The Internet of Things is becoming more difficult to define and utilize for an effective business strategy. While an increasing number devices send data to the cloud or some local server, so much data is being generated and moved around that new strategies are being developed to rethink what needs to be processed where.Back in 2013, when the IoT concept really began taking off, connectivity to the Internet was considered the ultimate goal because the biggest compute resources were still in the data center. Today, compute resources are becoming more distributed and processing is becoming more nuanced. In fact, almost all of the early major proponents of the IoT, such as Cisco, Arm, Samsung and Philips, have shifted their IoT focus to data management, processing, and security.The big issues now are how to connect different devices to each other, and what to do with all the data generated by tens of billions of sensors and devices. That includes what data should be processed where, how much really needs to be moved, how to move it more quickly, and how to protect data in place and in transit.“When the IoT first started, a lot of it was based on things like temperature sensors,” said Geoff Tate, CEO of Flex Logix. “There’s not a lot of data coming out of temperature sensors. But now we’re adding in things like video, where you have cameras doing surveillance. Processing now has to be done closer to the camera—either in the camera or at some edge server. There’s also a cost for the radio chip to send everything, and not everywhere has good enough connectivity. On top of that, networks were designed for transmitting large amounts of data, not uploading it.”Fig. 1: Monthly visual networking data growth in exabytes. Source: Cisco visual networking index forecastThis adds a whole different slant to the IoT concept, because it means more data now needs to be processed in place or nearby.“Even with 5G, there is a huge amount of data being produced,” said Mike Fitton, senior director of strategic planning at Achronix. “What’s changing is that processing capability will move from the data center and flow toward the edge. Processing will need to happen everywhere. You’re going to see a shift in relative ratios along those lines.”Alongside a growing volume of data is an increasing value to the data. And the more data that is collected from more sources, the greater its value. But that value doesn’t necessarily rely on being shipped to the cloud where it can be mined in the context of other data. Some of it can be used by other devices or even by infrastructure.These shifts are behind last month’s merger of the Industrial Internet Consortium (IIC) and the OpenFog Consortium, which combined the networking standards and architecture development of the OpenFog Consortium with the IIC’s emphasis on testing product integration. The IIC is concerned with devices spread around the network, while the OpenFog Consortium is concerned with the networking, storage and processing infrastructure necessary to efficiently connect everything between the edge and the cloud. The merger of the two groups reflects the evolution of technology rather than a purposeful direction by either one, said IIC President Bill Hoffman.“Over three years of working on fog computing and trying to address bandwidth issues and the trend of AI moving toward the edge, it became clear we shared members and interests and problems that we’d been trying to solve,” Hoffman said. “We reached a point that we could streamline the way we drove technology deliverables and improve the overall market to consolidate discussion of fog computing and the IoT in one place.”IIoT and the edgeYet it remains to be seen how effective this approach becomes. The electronics industry is littered with devices that either never caught on, used far too much power, had too little performance, missed the market entirely, or which got lost in a sea of similar products.And while most IoT watchers point to the IIoT as the place where the real benefits are, successful IoT strategies are harder to develop than initially thought. A May 2017 report by Cisco showed that nearly 60% of IoT initiatives never made it beyond the proof of concept phase, and one-third of completed projects were failures.“You see some industries — mining definitely has a need, and manufacturing and a few others — but overall, across most industries we don’t see much engagement,” said Matt Vasey, OpenFog chairman and president, and also a director of AI and IoT business development at Microsoft. “A lot of industries just haven’t picked up in full force.”The reasons are varied, and sometimes specific to a company or industry segment. “It’s a great amount of transformation to really take advantage of edge and IoT, so there’s a lot of resistance from production,” Hoffman said. “There is also not a lot of metrics out to demonstrate the value. If you can save 50% on the cost of a process, that’s clear, but most of the benefits are less clear than that.”This doesn’t diminish the value of the data collected by sensors in smart devices, however. “If you can do something as simple as decrease fuel consumption by 1% by utilizing that data, that’s a huge impact,” said Achronix’s Fitton. “This is the kind of stuff that’s happening in the industrial IoT, and that’s having more impact than the classic definition of the IoT, which was always dismissed as something of a vague term.”The key is being able to tailor a solution that works, in a market where it makes sense. And even then, there is a confusing array of tools, platforms and strategies. In June of 2017, IoT Analytics counted more than 450 software packages being offered either as operating systems or system software connected networks of IIoT devices. Even if the tally was right, 450 options is chaos, not progress, according to a May, 2017 McKinsey report. “If there are [even] 100 IoT platforms, then there is no platform, just aspirants,” the report concluded.IEEE and a pair of industry groups formed to make sense of the growing edge computing trend may help reduce the chaos in this segment. Last June, the IEEE Standards Association, at the instigation of the IEEE Communications Society, adopted the OpenFog Reference Architecture as an official standard, now called IEEE 1394. That standard looks at east-west flow of data, rather than just north-south, which is a significant departure from how the IoT concept originally was laid out by leading proponents.“We have seen a continuum of intelligence extend from the cloud right down to the edge,” said Vasey. “We are trying to make sure we have the right tools for the job—near the edge where devices might need storage and servers, or just mid-tier gateways, to near-edge data centers with much richer resources—and extending right up to the cloud in a coherent way. We’re no longer dealing with just the cloud or just the edge or just the middle tier. It’s more of a continuum. And we get feedback from customers saying that model makes a lot of sense, putting compute and storage and networking resources anywhere up and down that continuum where you need it.”Thinking differentlySo what does this mean for the IoT as a whole? The key may be thinking about the overall concept less from the standpoint of the initial IoT vision and more from the flow of the data.“There’s a need for a lot more compute at the source of the data,” said Susheel Tadikonda, vice president in Synopsys’ verification group. “The volume of data is taking so much power and bandwidth, and latency is so much of an issue, that you need to consume the data at the source. If you can make the sensors intelligent, then they can evaluate the data without much delay and take immediate action. What we’re seeing is that everything is going together in bundles of data.”Tadikonda noted that while the data isn’t new, the emphasis on using it more effectively is definitely new. “No one cared about it in the past. The underlying data was very powerful, but no one had any idea of what it would spawn. If you look at Uber, no one knew something like that would happen until 4G technology and processing power was there. Traditional cloud solutions were implemented with central servers and storage. Now we are seeing an alternative to that with both storage and compute as close as possible to the edge devices like sensors. But data still has to be transmitted, and bandwidth has to increase because even if you do more processing locally, the number of connected devices is growing so fast that they’re producing more data in total.”This, in turn, is affecting how systems are being designed, from the data center to the networks and all the way down to the various components that make up chips.“We are moving into a data-driven economy,” said Lip-Bu Tan, chairman and CEO of Cadence. “It’s all about data. A lot sensors collect data. Depending upon the application, some will move into the intelligent edge. When you process the data there, you want to do that with very low power. That can drive productivity and efficiency. The other piece of this is the hyperscale data center. You need infrastructure there to drive the applications.”Security issuesAlongside of all of this, data has to be protected.“Now the question is how we evolve that so that we can build systems that are connected but secure, because there are more and more connected systems,” said Helena Handschuh, a fellow in Rambus’ Cryptography Research Division. “We need more end-point security. If you look at the PC industry and networking, there are ways to detect security issues and then try to mitigate them after that. But no matter how good your security, eventually something will go wrong.”Security was always one of the top concerns cited when it came to the IoT. Despite the warnings, the chip industry is just beginning to take a serious look at how to automate some of those checks. One of the drivers of that shift was the cost of fixing hardware—measured both in time spent on mitigating the problem and in performance inside of data centers—after Google Project Zero exposed hardware vulnerabilities related to speculative execution and branch prediction. Prior to that, a botnet attack based on the Mirai virus, brought down some of the largest Internet sites.“Security of a chip is something like compatibility,” said Wally Rhines, CEO Emeritus at Mentor, a Siemens Business. “You can always show that something is incompatible. You can never guarantee that something is compatible. The same is true here. You can always show there is a vulnerability, but you can never guarantee there are other vulnerabilities. It becomes one of an asymptotic approach, where you’ve verified so much that if there is a problem it’s going to be really rare and hard to get to. Beyond just the simulation, the insertion of features into a chip that can do analysis to minimize the possibility of a buried Trojan is, in fact, a key part. The other key part is on the incoming IP. How do you verify the IP you’ve got does not have Trojans in it and who do you trust. Do you trust your IP vendor? Do you trust some kind of simulation that goes through rigorous verification of that IP?”This is becoming a huge issue across the industry, because IP tracking is getting more convoluted as designs become more heterogeneous to deal with the increase in different types of data.“There are a lot of people getting into whole system architectures,” said Ranjit Adhikary, vice president of marketing at ClioSoft. “There are companies with a lot of PDKs, but you aren’t sure which PDKs are being used and you don’t know where the documentation is. This is a big mess. You don’t even know if IP went to tapeout in silicon or how much was paid for it.”That, in turn, has an impact on security. “There is no perfect solution when it comes to security,” Rhines noted. “Nothing gives you 100% certainty. But there are tests you can run. You can put intelligent features into the chip that look at the data flow and look for unusual sequences and put up a flag when an unusual sequence is executed, and possibly block the execution when a suspicious circumstance occurs. Products we’ve tested in the past merely flag unusual things going on in the system, and it’s up to them to look into it.”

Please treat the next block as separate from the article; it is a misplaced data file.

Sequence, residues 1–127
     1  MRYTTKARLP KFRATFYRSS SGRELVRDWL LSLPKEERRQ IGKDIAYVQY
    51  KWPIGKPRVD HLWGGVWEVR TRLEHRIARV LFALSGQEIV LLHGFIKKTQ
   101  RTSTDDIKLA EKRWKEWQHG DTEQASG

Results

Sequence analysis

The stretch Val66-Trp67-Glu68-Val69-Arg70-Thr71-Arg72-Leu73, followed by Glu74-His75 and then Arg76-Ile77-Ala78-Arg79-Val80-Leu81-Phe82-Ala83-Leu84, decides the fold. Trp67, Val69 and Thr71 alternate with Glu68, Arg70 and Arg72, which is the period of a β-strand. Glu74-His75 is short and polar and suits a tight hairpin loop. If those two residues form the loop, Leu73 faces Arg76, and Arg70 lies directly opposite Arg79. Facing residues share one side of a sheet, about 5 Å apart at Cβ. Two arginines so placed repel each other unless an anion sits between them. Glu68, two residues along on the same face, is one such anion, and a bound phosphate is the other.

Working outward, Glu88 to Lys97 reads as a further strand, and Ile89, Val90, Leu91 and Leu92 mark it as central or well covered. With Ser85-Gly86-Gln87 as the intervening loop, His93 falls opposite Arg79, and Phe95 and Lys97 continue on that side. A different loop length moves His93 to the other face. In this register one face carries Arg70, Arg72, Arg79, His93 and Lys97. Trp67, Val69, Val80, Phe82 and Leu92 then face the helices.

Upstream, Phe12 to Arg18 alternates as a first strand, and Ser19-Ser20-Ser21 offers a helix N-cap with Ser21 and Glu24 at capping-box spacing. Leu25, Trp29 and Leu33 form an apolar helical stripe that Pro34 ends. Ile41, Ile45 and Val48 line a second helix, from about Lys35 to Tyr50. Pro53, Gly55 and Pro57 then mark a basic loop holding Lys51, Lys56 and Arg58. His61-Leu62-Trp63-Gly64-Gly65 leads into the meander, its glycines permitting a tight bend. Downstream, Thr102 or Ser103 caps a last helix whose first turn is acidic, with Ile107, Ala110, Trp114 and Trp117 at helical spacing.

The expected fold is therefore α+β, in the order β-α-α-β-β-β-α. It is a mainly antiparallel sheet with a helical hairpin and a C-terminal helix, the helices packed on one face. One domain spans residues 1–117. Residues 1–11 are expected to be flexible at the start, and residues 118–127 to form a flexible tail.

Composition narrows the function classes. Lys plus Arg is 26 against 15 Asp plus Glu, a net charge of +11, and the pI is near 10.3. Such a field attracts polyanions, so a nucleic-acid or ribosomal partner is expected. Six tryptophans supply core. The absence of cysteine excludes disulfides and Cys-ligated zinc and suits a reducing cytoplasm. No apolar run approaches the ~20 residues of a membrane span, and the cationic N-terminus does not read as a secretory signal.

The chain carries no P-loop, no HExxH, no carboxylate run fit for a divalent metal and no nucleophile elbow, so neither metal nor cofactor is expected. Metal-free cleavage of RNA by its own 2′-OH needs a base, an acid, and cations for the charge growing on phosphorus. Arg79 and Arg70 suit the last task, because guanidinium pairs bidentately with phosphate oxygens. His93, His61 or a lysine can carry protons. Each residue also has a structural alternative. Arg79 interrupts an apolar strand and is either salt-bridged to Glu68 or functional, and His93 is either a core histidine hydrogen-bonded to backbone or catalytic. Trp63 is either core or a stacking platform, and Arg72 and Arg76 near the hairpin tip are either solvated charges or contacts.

2019-01-14 00:00 reading:393